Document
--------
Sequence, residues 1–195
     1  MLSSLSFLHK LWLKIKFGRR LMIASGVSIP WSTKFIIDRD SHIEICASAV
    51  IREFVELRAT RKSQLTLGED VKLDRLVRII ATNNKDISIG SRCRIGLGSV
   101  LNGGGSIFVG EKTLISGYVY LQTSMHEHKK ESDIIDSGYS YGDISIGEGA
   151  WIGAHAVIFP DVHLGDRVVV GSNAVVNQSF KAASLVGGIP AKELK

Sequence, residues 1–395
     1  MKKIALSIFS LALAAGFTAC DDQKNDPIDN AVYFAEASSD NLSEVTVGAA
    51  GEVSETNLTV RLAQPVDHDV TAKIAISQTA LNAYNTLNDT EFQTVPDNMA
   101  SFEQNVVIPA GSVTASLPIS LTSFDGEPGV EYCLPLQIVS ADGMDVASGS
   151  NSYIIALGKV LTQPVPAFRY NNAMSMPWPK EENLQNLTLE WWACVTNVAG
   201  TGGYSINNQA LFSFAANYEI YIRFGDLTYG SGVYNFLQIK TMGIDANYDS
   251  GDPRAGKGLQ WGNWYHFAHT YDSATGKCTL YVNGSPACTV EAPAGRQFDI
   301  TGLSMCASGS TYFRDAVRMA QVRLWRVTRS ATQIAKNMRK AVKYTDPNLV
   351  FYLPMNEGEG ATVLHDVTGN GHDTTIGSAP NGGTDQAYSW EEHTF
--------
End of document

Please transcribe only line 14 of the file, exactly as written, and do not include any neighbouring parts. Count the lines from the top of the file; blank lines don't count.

   351  FYLPMNEGEG ATVLHDVTGN GHDTTIGSAP NGGTDQAYSW EEHTF